Research Your Industry

Before you launch, get to know your industry like the back of your hand.
Magazine Contributor
2 min read

This story appears in the October 2006 issue of Entrepreneurs StartUps Magazine. Subscribe »

When Vicky Dionne, 40, and Tina Leuthner, 39, wanted to create handbags, they knew jumping into an industry with no prior experience wasn't wise. Before becoming stay-at-home moms, Dionne ran a portfolio and Leuthner did pharmaceutical sales and marketing. When the idea to design handbags came up, the pair decided to gain experience by selling others' handbags first.

Tina and Vicky's Picks started almost three years ago, after the partners did extensive research and attended accessory shows. Choosing to work with smaller designers, Leuthner and Dionne took small steps, first selling bags through home shows, which allowed them unfettered customer opinions. "It was kind of like being a bartender," says Dionne. "They would tell us what they wanted in a handbag and all the problems they had [with them]."

In addition to doing market research like this, research the industry itself. Heidi Neck, assistant professor of entrepreneurship at Babson College in Wellesley, Massachusetts, notes that every industry "has its distinct character and ways of doing things. New entrants with little knowledge of the unspoken rules, etiquette, major players (people, not companies) and other nuances not found in published industry reports will have a difficult time establishing legitimacy."

Dionne and Leuthner were able to get a different industry perspective buying handbags from wholesalers, which helped them tremendously when they launched their own line last year. Having already built a good retail customer base through Tina and Vicky's Picks, the partners intermixed their bags with other designer bags and watched customers' reactions. After one season, Dionne and Leuthner focused solely on their own line, calling the new venture Cristina Vasiliky--the partners' real first names.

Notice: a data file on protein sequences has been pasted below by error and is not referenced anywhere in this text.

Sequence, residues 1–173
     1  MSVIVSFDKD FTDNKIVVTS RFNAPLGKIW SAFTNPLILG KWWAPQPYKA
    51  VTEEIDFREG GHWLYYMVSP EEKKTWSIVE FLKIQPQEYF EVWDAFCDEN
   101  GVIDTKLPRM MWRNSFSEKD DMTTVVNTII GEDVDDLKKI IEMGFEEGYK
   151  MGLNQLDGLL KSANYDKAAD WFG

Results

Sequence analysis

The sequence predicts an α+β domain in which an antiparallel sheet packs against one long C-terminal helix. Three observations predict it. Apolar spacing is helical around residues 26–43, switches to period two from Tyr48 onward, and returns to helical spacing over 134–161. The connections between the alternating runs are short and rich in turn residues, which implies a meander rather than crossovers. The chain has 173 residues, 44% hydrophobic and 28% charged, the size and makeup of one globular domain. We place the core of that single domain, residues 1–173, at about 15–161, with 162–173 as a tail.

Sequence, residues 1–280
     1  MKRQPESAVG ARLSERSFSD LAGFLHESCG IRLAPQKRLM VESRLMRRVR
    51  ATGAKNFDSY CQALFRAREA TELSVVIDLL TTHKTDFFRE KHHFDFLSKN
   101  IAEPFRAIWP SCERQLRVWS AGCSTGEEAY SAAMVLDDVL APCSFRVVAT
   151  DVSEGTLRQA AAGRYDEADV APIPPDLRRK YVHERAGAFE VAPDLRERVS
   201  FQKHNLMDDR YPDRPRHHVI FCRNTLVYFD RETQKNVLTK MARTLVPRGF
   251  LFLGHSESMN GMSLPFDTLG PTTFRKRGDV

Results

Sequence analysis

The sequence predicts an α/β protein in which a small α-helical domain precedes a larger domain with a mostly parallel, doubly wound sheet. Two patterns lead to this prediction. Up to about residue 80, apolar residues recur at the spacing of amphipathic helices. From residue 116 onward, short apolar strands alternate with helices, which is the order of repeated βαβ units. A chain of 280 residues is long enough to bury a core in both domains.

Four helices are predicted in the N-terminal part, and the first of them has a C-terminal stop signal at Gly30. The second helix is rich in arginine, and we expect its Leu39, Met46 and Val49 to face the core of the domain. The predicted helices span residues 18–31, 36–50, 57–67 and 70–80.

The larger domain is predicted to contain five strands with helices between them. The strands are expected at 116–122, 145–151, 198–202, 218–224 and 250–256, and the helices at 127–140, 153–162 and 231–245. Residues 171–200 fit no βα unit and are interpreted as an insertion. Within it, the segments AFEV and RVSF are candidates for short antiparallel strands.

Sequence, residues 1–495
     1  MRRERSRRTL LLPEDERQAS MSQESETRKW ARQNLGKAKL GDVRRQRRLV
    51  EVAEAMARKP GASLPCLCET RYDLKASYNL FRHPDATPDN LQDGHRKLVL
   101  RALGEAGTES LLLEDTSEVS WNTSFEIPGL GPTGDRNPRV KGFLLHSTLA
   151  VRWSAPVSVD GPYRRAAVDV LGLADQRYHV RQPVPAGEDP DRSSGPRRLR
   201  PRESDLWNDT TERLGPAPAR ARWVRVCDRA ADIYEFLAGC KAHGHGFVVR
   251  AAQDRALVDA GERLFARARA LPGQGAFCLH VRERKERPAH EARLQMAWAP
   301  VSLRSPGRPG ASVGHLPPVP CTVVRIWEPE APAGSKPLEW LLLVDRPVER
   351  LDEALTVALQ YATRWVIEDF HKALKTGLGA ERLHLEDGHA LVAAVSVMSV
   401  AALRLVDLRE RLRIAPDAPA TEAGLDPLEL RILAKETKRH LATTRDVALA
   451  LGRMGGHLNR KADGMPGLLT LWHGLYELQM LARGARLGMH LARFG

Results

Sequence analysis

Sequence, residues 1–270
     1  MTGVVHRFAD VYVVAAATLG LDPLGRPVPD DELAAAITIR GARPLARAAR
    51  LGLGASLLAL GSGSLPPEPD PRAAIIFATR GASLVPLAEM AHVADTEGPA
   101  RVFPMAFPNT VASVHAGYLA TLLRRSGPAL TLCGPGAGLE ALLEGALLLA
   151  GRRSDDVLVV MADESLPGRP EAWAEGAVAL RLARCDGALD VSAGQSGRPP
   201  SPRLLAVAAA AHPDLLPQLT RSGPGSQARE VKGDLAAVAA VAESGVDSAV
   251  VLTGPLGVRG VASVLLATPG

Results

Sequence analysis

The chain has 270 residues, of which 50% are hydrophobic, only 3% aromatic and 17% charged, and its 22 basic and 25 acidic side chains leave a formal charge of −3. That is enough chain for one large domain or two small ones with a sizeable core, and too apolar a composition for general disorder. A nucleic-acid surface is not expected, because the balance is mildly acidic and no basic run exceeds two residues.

Cristina Vasiliky bags are currently sold mostly in New York metro area boutiques. Like the designers they first bought from, the partners have already secured a booth at AccessoriesTheShow in New York City. They hope their line will be carried nationwide, but plan to take small, calculated steps. "We don't want to leap too fast," says Leuthner, who projects 2006 sales of $150,000 for the Summit, New Jersey, company.

If you choose to gain experience by working for a future competitor rather than starting your business right away, your situation may differ from Dionne and Leuthner's. "Many industries require employees to sign noncompete agreements," says Neck. "A would-be entrepreneur is wise not to sign such an agreement."


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